Happy Monday, Illinois. In this most unusual of elections, I guess it’s no surprise that we have to remind everyone that votes are always counted after Election Day.
Joe Biden’s campaign released a list of more than 817 bundlers — and 35 Illinois residents are on it.
These are the folks who donate big and also tap into their personal networks to raise at least $100,000. It’s helped Biden shatter fundraising records. Last month, he collected $383 million for his campaign and allied committees. Illinois bundlers include…
Political surrogates: Sens. Tammy Duckworth and Dick Durbin, and Reps. Bill Foster and Brad Schneider.
CEOs: Walton Street Capital’s Neil Bluhm and his daughter, Leslie Bluhm, PSP Partners Chairman and former Commerce Secretary Penny Pritzker, Discover’s Roger Hochschild, Black Opal cosmetics CEO Desiree Rogers, Ariel Investments Chairman and co-CEO John Rogers Jr., Rosenberg Advisory CEO Lee Rosenberg, Grosvenor Capital Chairman and CEO Michael Sacks, and Livongo Health Executive Chairman Glen Tullman.
Longtime friends: Bill Brodsky, Biden’s pal from Syracuse University, is on the list. He raised and donated nearly $2 million. And so is Star Jones, the former “The View” co-host who has known Harris since they were college sorority sisters at neighboring schools in D.C. Jones, a fundraiser for Obama and Biden in 2008 and 2012, lives in Chicago with attorney husband Ricardo Lugo.
Attorney fundraisers: Robert Clifford, Mike Cherry, Richard A. Chesley, Joseph Power, John Simmons, William Singer, Todd A. Smith, and Ryan Vangrack.
Power couples: former Ambassador to Canada Bruce Heyman and Vicki Heyman; and investment banker Brent Gledhill and Catherine Gledhill.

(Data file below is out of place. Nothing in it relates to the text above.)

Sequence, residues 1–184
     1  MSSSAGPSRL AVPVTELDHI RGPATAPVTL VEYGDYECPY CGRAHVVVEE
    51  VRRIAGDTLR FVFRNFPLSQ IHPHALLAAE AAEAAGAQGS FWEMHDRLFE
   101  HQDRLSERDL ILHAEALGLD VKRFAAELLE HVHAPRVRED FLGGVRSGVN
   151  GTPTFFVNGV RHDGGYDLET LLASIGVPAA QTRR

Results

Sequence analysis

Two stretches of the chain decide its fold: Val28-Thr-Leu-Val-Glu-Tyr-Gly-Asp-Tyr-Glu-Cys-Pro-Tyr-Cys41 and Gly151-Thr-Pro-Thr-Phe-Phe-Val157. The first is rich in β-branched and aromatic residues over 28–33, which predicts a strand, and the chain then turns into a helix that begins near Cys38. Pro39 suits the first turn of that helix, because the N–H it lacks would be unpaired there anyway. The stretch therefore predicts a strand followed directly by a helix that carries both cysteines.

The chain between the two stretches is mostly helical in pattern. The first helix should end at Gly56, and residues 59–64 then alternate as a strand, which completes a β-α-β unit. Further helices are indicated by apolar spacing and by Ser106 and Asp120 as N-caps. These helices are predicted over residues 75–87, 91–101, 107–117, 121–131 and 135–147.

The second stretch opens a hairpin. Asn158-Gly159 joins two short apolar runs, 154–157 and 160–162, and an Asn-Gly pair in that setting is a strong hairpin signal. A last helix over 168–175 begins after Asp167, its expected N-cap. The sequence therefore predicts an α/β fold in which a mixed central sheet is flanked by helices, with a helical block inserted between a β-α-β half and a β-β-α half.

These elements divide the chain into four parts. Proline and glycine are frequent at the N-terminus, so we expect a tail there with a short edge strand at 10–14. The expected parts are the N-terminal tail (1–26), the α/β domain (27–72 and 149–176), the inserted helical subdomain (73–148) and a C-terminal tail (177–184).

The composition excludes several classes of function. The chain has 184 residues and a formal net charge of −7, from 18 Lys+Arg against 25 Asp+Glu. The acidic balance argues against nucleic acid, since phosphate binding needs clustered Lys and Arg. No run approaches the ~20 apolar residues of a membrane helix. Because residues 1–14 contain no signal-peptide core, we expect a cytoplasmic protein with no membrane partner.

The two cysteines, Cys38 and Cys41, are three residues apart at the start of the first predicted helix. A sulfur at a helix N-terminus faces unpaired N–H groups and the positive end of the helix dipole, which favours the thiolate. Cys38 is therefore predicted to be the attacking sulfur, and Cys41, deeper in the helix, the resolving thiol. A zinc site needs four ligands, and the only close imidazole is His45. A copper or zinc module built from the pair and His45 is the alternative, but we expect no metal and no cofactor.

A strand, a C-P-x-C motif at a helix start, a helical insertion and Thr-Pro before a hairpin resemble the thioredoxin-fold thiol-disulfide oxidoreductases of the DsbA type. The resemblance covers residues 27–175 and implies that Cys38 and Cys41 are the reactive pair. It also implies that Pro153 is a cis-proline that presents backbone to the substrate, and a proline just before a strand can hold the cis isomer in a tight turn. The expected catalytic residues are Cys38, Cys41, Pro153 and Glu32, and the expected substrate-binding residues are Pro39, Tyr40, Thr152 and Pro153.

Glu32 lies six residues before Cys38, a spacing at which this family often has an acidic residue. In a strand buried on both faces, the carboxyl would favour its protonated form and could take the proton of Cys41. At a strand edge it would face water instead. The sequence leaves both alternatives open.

Also on the list: Valerie Alexander, the former Durbin chief of staff who has supported Harris since her primary run for president; Jake Braun, the Iowa state director for Biden who also is executive director for the University of Chicago Harris School of Public Policy’s Cyber Policy Initiative; Joint Action Committee executive director Marcia Balonick and JAC founder Linda Rae Sher; veteran and Dem organizer Michael Donatelli; renewable energy exec Atticus Francken; Vivid Seats exec and former White House aide Michael O’Neil, and political activist Dania Leemputte.
Bonus bundler: Pete Buttigieg, the former mayor of nearby South Bend, Ind., who established a campaign HQ in Chicago, is also on the list.
Top individual political donors: The Center for Responsive Politics lists the top political donors to federal candidates. From Illinois, Richard and Liz Uihlein ranked fourth in the country, donating $65.6 million. Others on the list: Fred Eychaner, Ken Griffin, Craig and Janet Duchossois, Gov. J.B. Pritzker and M.K. Pritzker, Michael and Cari Sacks, and Mellody Hobson.
Pritzker emerges as major donor in Wisconsin and Michigan: “Pritzker gave $250,000 to the Michigan Democratic State Central Committee and $2,525,000 to the Democratic Party of Wisconsin Federal Account,” reports Sun-Times’ Lynn Sweet.
THE VIRTUAL ELECTION NIGHT: Coronavirus is changing everything — including election night. We asked some of Illinois’ biggest political campaigns what they plan to do Tuesday evening and learned everyone’s in a scramble since the new coronavirus restrictions kick in.
A few folks plan to hold live events, including Republican Pat O’Brien, who’s running for Cook County State’s Attorney. His campaign says it will adhere to Covid restrictions at the White Eagle Events & Convention Center in Niles. Incumbent Kim Foxx is also holding a live event — a press conference at the Kinzie Hotel in Chicago.